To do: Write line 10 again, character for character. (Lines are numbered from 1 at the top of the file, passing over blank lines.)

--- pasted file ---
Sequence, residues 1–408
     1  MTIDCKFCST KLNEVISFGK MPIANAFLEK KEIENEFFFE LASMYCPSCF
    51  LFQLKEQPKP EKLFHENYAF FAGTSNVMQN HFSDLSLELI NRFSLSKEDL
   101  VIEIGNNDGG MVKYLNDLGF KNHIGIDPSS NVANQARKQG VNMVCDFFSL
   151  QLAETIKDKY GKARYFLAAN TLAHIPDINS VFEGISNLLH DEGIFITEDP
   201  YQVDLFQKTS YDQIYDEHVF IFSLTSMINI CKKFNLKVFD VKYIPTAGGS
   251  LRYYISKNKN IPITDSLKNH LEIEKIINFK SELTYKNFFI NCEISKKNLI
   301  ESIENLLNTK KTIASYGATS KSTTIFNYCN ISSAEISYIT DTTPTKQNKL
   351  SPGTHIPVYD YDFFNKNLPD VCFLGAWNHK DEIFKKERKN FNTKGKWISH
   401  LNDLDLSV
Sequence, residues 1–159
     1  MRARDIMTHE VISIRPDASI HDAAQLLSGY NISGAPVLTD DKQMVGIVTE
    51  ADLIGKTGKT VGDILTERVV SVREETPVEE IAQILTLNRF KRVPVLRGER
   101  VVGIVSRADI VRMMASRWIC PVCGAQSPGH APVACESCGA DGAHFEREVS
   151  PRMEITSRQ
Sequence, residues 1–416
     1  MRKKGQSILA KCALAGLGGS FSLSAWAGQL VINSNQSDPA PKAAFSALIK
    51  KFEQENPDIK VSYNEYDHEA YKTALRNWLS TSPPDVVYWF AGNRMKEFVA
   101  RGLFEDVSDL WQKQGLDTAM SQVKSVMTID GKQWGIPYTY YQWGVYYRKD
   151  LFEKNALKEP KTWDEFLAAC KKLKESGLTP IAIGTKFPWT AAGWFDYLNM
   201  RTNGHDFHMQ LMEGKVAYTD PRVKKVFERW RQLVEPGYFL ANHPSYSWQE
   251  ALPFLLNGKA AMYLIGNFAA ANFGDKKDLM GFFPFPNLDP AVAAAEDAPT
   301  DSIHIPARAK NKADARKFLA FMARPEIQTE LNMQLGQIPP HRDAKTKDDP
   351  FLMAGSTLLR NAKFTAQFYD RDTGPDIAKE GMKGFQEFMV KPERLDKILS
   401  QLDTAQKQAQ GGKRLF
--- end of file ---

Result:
   401  LNDLDLSV